As a result of last week’s decision by the U.S. Army Corps of Engineers to deny a permit for the construction of a key section of the Dakota Access Pipeline, the Bakken crude earmarked for the pipeline will now have to be shipped by other means of transport, including by rail.
Reuters reported shippers who expected to see another 570,000 barrels of daily Bakken pipeline capacity in 2017 will have to find new ways to move supply.
Protestors of the pipeline complained about dangers to the environment and local communities, however, transport by rail carries a higher carbon dioxide (CO2) footprint than pipelines and has its own vulnerabilities.
Although rail makes up nearly 65 percent of total crude export capacity in the Bakken Shale, it is now being underutilized because it is less efficient and more costly.
Rick Smead, managing director of advisory services for RBN Energy, said, "Once the pipes are full, that means more trains. And without DAPL, the pipes get full sooner than they otherwise would have.”
With crude production expected to increase, so are the chances of a rail accident.
Reuters reported incidents involving crude-by-rail peaked in 2014, at nearly 190, versus just one accident in 2006, the data shows.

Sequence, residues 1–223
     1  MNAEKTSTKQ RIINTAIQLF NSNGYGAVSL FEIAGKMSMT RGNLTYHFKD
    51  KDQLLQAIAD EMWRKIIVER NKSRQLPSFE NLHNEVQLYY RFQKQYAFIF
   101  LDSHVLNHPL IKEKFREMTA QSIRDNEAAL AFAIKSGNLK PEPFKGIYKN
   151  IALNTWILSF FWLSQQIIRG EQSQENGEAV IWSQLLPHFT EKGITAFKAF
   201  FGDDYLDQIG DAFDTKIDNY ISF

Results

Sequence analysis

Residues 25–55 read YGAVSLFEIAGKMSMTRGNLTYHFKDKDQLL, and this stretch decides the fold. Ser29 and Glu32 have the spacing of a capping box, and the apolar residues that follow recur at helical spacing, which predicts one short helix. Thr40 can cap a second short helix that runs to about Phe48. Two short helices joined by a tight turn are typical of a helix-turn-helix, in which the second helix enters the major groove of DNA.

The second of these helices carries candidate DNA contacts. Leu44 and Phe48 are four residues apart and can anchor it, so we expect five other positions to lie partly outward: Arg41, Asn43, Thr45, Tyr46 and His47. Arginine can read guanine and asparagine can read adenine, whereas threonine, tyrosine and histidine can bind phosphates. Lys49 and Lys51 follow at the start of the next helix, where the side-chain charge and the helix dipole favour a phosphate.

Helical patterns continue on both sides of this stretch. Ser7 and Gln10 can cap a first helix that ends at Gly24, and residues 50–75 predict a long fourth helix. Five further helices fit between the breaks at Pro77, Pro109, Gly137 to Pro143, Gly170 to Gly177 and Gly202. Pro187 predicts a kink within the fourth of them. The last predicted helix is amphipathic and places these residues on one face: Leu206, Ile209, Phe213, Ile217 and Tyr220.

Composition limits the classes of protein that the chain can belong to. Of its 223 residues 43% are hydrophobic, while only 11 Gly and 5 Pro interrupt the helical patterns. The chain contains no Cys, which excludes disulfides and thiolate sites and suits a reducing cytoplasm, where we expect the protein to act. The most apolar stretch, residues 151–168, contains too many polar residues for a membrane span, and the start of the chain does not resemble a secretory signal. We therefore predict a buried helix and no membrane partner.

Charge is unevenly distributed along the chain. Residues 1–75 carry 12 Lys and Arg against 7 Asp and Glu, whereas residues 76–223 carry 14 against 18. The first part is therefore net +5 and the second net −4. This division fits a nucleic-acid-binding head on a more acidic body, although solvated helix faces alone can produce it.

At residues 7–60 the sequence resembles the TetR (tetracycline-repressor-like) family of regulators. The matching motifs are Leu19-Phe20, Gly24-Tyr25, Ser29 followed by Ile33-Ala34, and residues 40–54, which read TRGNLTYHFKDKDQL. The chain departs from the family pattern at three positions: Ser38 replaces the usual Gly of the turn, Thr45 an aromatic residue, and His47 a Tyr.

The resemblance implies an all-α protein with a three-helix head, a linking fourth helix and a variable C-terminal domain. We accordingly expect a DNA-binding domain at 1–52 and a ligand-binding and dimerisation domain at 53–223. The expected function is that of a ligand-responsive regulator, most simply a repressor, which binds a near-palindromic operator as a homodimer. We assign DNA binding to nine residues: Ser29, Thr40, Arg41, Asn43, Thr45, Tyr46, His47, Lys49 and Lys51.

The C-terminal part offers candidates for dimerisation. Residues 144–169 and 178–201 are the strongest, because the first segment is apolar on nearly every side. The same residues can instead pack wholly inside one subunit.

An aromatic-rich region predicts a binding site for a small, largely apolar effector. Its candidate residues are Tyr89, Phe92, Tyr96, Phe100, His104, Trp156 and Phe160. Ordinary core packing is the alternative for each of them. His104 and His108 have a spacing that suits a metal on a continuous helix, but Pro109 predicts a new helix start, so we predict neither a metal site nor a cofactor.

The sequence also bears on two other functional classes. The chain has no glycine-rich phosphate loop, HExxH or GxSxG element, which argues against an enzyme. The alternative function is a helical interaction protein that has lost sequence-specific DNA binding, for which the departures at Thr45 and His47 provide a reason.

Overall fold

The rise in accidents followed a surge in volumes moving by rail each day, which hit a high of 29.2 million barrels per month in October 2014. As of September 2016, that had declined to about 10.5 million barrels monthly, according to data from the EIA, as new pipelines displaced rail and production has declined.
With lower volumes, train accidents involving crude are down significantly, with only nine reported this year, according to federal Pipeline and Hazardous Materials Administration data.
In August of 2015, Gov. Wolf released an Oil Train Safety Report with 27 recommendations to address crude oil train safety in the Commonwealth.
In February of this year, the Public Utility Commission asked for more funding to hire two additional rail safety inspectors to address a recommendation made in the Governor’s report.
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